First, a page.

The gene, called "Metadherin" or MTDH, is located in a small region of human chromosome 8 and appears to be crucial to cancer's spread or metastasis because it helps tumor cells stick tightly to blood vessels in distant organs. The gene also makes tumors more resistant to the powerful chemotherapeutic agents normally used to wipe out the deadly cells.
In identifying the genetic mechanism at play in the metastasis of breast cancer, the scientists may have answered one of the biggest mysteries in cancer research and paved the way for new drugs that could thwart the gene's diabolical actions.
"Inhibiting this gene in breast cancer patients will simultaneously achieve two important goals -- reduce the chance of recurrence and, at the same time, decrease the risk of metastatic dissemination," said Yibin Kang, an assistant professor of molecular biology at Princeton, who led the research. "Clinically, these are the two major reasons why breast cancer patients die from the disease."
Yibin Kang. Photo: Brian Wilson
The discovery is important for several other reasons, according to Michael Reiss, another author of the paper and director of the Breast Cancer Research Program at The Cancer Institute of New Jersey, a part of the University of Medicine and Dentistry of New Jersey-Robert Wood Johnson Medical School.
"Not only has a new metastasis gene been identified, but this also is one of a few such genes for which the exact mode of action has been elucidated," said Reiss, also a professor of medicine, molecular genetics and microbiology at UMDNJ-Robert Wood Johnson Medical School. "That gives us a real shot at developing a drug that will inhibit metastasis."
The multidisciplinary research strategy used by the team to pinpoint the gene in breast cancer patients also could be used to find other genes involved in the spread of other cancers, scientists said.
"The potential health implications of this study are significant," Kang said.
The discovery is based on three years of work, using an approach that combines the emerging science of integrative genomics with the classical methods of clinical research and laboratory experiments.
"This paper is a great illustration of the way in which bioinformatics can be synergistically combined with experimental work to produce important results," said David Botstein, director of Princeton's Lewis-Sigler Institute for Integrative Genomics.
From the beginning, the scientists were looking for a way to understand the dreaded process of metastasis, the term describing what happens when cancer spreads to distant vital organs, such as the lungs, liver, brain and even the bones.
As the scientists well understood, patients whose breast cancer can be confined to the breast have the best chances at survival. The five-year survival rates, as compiled by the National Cancer Institute, illustrate the difference between localized and metastatic cancer: 98.1 percent of patients with localized breast cancer survive five years after diagnosis, as opposed to 27.1 percent for patients with cancer that has traveled beyond the lymph nodes to bodily organs, according to the federal agency's statistics.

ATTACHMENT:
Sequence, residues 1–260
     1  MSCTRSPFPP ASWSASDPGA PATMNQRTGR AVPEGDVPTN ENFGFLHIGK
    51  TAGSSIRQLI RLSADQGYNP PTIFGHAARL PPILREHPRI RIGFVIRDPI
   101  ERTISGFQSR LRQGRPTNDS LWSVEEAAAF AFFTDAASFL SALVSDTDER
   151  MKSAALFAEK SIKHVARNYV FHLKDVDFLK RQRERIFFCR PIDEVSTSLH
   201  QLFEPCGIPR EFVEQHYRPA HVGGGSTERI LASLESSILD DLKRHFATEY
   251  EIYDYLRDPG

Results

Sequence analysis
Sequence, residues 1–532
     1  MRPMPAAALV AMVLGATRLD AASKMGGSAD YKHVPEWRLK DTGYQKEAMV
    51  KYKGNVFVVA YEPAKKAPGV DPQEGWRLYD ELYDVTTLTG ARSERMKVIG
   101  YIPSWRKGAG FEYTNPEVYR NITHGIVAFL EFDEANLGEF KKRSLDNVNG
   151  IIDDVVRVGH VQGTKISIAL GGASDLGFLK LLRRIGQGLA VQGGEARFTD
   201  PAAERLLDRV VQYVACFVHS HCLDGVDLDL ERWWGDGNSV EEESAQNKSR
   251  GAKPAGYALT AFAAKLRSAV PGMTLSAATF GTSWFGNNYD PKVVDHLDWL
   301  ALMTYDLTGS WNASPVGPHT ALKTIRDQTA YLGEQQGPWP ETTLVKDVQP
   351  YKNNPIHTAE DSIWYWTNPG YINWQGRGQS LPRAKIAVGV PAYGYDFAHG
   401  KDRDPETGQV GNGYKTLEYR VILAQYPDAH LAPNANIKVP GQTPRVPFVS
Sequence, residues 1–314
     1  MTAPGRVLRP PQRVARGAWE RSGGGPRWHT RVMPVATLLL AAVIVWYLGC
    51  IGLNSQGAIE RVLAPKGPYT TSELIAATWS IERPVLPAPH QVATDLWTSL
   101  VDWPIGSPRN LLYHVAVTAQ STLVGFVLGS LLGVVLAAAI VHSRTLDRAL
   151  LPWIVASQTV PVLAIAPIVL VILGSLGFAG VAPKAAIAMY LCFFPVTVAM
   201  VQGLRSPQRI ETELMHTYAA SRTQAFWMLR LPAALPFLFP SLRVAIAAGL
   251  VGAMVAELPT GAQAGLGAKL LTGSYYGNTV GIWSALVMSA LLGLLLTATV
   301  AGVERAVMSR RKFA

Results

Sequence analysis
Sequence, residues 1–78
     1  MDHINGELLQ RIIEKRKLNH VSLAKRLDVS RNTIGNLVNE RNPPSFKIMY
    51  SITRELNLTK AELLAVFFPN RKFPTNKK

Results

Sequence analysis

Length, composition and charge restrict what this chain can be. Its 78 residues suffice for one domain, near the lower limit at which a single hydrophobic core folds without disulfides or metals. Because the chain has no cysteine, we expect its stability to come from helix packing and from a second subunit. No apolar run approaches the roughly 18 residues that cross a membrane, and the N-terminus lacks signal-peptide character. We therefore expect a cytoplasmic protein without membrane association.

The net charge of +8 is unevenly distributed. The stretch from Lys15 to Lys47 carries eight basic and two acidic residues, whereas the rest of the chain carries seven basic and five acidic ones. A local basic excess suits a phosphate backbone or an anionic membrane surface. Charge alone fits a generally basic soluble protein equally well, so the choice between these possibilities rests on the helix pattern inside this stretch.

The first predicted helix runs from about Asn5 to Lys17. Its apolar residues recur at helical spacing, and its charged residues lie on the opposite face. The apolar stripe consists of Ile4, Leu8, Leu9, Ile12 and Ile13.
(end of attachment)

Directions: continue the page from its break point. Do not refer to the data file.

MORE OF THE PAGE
In recent years, researchers have used advanced techniques such as DNA microarray technology to try and identify genetic profiles of the so called "poor prognosis" tumors -- those that are likely to come back after the initial treatment and are most likely to spread beyond the breast. Such studies, though useful in predicting outcomes, have perplexingly offered up differing gene "signatures," making it difficult to identify overlapping, functionally relevant genes that might be important targets for therapeutic intervention.
The scientists in this study addressed this problem by using an innovative computational biology approach. They re-analyzed massive clinical breast cancer databases and found that study after study showed one area in common -- a very small region in human chromosome 8 called 8q22. They found that this area of the chromosome is repeated many times in the genomes of poor-prognosis breast tumors. Some chromosomes contained as many as eight copies or "repeats" of the genetic segment. Most normal DNA sequences contain only two copies of a given gene, conveyed from the genomes of the male and female parents.
Next, the team studied breast tumor samples collected from patients at The Cancer Institute of New Jersey. In doing so, the researchers were able to validate the computational prediction, confirming that the genetic sequence identified in the database was overproduced in the DNA of the poor-prognosis tumor samples.